We ordered Sawagani Crabs ($2.50 each). I’ve seen these crabs before in the food markets in Tokyo and Kyoto. The shell was thin and crunchy, similar to the outside layer of a candied apple. When I bit into the crab, the flesh was warm and juicy, with no fishy aftertaste.


Every time we visit Sukiyaki House, we order the Tako Carpaccio ($16). The octopus was thinly sliced and crunchy. I loved the balanced flavours in the yuzu sauce and the added layers of texture and flavour from the topping of arugula, kewpie mayo and potato strings.

L ordered Kani (Snow Crab $3.7), Tako ($3), and Atlantic Salmon Nigiri ($3). He said the salmon melted in his mouth. The snow crab was sweet. L mentioned the sushi rice was a cut above other Japanese restaurants in Calgary. He liked how the amount of wasabi in each piece of nigiri was subtle and not overwhelming like other restaurants.

I ordered the Irodori Hiyashi Udon ($24). This is a great summer dish. The udon noodles were thin and chewy. The tamago (egg omelette) was sweet, with a soft firm texture. I thought the yuzu dashi broth perfectly highlighted the flavours of the hotategai (hokkaido scallop), hamachi (snapper), ebi (steamed shrimp) and Ikura (salmon roe).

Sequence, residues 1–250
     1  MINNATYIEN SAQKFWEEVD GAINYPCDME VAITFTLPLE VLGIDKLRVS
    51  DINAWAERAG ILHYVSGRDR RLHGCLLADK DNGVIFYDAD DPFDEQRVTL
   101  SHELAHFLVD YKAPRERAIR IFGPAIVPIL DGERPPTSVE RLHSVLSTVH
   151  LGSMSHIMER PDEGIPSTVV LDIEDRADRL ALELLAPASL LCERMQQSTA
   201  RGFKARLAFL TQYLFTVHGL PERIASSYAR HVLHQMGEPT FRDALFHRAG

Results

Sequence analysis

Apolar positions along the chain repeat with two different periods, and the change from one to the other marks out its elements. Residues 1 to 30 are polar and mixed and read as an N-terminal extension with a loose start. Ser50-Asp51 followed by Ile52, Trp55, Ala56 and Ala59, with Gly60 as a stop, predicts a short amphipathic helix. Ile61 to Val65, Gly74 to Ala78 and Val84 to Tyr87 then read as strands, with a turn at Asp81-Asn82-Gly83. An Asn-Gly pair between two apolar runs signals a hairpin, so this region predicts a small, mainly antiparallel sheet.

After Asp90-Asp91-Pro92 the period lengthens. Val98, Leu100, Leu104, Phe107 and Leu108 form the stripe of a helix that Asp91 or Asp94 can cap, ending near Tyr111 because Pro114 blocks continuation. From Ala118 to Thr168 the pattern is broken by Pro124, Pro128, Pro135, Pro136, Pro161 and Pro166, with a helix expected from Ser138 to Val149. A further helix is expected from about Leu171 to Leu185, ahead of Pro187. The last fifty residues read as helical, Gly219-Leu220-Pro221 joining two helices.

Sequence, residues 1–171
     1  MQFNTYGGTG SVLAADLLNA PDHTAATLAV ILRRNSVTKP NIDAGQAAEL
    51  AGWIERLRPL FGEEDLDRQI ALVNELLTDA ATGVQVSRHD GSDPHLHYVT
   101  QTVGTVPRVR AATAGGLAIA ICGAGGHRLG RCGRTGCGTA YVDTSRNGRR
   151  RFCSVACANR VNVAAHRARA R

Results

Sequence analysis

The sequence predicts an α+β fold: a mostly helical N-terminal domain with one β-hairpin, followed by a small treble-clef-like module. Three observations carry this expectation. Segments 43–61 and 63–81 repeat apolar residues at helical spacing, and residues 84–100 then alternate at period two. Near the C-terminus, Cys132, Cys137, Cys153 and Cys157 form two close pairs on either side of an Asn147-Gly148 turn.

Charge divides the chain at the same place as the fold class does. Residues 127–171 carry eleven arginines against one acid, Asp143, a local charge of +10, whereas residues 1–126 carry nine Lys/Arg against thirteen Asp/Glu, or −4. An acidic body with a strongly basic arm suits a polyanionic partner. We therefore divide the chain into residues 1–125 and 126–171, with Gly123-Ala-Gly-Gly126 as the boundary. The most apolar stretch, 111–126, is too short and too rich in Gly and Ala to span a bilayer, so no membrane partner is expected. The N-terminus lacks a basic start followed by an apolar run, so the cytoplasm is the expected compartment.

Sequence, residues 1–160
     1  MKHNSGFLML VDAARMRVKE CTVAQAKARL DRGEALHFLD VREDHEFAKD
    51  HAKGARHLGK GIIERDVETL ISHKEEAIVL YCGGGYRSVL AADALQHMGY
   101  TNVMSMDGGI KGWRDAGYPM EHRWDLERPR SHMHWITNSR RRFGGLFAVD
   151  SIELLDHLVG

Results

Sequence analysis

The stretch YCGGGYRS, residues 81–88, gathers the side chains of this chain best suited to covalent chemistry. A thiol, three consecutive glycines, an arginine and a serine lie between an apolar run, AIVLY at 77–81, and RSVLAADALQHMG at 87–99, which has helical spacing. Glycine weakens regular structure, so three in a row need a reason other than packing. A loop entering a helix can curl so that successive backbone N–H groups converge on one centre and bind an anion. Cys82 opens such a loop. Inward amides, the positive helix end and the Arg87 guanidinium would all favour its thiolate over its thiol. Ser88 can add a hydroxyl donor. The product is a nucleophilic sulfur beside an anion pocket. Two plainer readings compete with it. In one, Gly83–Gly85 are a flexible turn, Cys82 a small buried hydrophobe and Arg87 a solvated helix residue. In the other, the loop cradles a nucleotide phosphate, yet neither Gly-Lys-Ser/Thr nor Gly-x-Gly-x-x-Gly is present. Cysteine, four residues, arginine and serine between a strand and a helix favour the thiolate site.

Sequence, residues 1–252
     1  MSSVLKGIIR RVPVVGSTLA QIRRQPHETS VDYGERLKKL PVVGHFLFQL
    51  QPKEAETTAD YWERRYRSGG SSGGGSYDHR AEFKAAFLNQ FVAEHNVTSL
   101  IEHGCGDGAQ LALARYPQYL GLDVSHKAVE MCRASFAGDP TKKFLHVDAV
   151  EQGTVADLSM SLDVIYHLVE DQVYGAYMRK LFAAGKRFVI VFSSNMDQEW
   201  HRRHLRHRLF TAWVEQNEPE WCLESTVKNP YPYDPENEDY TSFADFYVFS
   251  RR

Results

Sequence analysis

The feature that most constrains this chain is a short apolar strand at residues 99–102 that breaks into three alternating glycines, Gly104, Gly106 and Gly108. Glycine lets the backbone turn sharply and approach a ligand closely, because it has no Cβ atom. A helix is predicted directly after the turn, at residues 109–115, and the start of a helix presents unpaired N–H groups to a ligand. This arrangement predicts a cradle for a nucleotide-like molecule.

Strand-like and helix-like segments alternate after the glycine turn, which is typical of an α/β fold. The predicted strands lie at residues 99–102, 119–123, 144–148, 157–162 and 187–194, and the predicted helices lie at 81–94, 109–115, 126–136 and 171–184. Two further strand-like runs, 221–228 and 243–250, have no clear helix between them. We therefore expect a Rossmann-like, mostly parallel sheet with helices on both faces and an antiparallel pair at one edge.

We enjoyed being back so much that we didn’t want to leave after we finished dinner. Instead of dessert, I asked for the driest white wine and L ordered an Asahi, so we could sit and soak up the exuberant vibes. You could feel the excitement to be back from the customers. Better times are coming. I’m hoping Calgarians get their vaccine so we can get on with Stage 3.

Japanese · Restaurants · Seafood · Special Occasion · Sushi